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Cyprus, Syria, Thrace, and Macedonia, he directed his course to Rome, and thence towards Aquileia. But the epidemic having extended thither, and his patron Lucius Verus having died of it, the expedition was deferred, and Galen seized the opportunity, to resume his occupation at the capitol.. Nor could he be again induced to join the army, even at the solicitation of Marcus Aurelius; assigning as an · excuse that in a vision he had been warned not to do so, by Esculapius. During the subsequent absence of the emperor in the north, Galen was successful in treating his two young sons, Commodus and Sextus; thereby securing the favor of their mother, Faustina. Thus, in the enjoyment of unbounded popularity, devoting his attention to the poor as well as to the rich, and giving no inconsiderable portion of his time to teaching and writing, he spent the vigor of his life in Rome; where he was still residing, though disembarrassed from the cares of his profession, in his old age, as late as the reign of Septimus Severus. At a still later period he retired to Pergamus, where he spent his later years, and where he died, according to the most reliable authority, about the close of his seventieth year; though by some writers he is said to have survived to an extreme old age. His immense erudition, his glowing eloquence, and the almost endless labors of his pen, not less than his profound acquirements in anatomy and every other department of the healing art, had raised him before his death to the most exalted rank; and after his decease the people of Pergamus, proud of their fellow-citizen, and desirous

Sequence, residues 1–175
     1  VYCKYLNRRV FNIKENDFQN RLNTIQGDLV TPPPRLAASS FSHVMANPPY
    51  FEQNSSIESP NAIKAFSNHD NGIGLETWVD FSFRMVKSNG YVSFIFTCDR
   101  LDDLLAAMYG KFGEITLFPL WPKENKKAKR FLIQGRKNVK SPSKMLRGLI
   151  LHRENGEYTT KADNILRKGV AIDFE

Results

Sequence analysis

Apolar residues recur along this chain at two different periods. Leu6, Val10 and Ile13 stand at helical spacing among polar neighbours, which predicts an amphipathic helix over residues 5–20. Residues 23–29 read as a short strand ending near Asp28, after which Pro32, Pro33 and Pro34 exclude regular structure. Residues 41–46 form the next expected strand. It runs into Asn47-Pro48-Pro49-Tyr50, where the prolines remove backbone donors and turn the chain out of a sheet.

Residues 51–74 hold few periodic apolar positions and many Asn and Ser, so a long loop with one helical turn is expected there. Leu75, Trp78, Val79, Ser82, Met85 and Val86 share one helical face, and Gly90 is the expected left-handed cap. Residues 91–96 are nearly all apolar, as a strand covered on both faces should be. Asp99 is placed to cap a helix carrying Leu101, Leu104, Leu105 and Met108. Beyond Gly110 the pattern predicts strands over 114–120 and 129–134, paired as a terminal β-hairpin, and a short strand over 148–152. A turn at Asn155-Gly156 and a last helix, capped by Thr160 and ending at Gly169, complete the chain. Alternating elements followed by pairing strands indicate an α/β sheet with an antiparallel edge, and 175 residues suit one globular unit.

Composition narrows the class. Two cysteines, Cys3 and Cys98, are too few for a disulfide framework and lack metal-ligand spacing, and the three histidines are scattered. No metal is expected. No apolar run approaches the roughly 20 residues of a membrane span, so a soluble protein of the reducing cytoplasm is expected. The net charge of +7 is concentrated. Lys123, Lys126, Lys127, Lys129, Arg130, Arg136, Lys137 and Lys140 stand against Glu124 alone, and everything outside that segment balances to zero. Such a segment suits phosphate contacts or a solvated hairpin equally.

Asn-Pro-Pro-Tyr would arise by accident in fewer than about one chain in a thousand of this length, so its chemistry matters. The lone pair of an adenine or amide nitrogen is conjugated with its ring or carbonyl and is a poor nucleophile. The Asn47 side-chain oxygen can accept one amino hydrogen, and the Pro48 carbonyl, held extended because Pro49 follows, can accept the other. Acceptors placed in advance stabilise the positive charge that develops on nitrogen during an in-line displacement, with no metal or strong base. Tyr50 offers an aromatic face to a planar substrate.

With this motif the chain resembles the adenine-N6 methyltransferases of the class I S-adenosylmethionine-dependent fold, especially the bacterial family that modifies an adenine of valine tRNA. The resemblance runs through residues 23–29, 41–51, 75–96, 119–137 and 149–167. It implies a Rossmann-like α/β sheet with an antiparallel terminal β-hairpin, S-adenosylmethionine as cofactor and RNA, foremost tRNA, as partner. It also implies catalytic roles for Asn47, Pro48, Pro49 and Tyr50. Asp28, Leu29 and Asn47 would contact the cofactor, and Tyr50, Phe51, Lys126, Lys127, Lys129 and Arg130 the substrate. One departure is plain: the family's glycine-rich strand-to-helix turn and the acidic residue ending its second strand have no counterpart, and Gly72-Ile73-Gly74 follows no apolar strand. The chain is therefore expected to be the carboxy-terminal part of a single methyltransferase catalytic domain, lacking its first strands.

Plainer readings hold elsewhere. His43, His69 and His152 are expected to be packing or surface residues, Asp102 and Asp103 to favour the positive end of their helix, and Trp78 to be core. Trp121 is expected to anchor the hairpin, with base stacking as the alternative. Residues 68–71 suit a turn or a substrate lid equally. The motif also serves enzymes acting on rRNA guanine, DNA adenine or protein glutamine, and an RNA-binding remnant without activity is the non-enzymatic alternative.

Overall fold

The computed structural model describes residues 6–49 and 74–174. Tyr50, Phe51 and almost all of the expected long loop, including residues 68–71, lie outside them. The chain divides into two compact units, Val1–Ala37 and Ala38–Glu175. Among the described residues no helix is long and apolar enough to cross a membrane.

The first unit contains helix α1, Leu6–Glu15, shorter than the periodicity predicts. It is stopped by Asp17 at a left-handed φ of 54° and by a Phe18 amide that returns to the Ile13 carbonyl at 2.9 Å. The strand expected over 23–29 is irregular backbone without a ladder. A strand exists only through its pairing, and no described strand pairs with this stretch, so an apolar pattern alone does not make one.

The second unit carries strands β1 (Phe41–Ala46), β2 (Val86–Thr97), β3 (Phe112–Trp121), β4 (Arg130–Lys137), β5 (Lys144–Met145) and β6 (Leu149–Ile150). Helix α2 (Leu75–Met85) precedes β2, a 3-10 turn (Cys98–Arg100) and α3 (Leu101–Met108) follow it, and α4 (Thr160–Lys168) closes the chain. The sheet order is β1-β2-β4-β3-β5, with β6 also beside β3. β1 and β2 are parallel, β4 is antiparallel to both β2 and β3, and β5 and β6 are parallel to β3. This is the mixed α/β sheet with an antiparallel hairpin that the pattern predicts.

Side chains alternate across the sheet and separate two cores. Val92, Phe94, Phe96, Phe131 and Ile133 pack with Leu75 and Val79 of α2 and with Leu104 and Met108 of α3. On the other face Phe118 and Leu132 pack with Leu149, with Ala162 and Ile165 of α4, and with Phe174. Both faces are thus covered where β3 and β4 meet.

to express their reverence for his name, struck medals to his memory.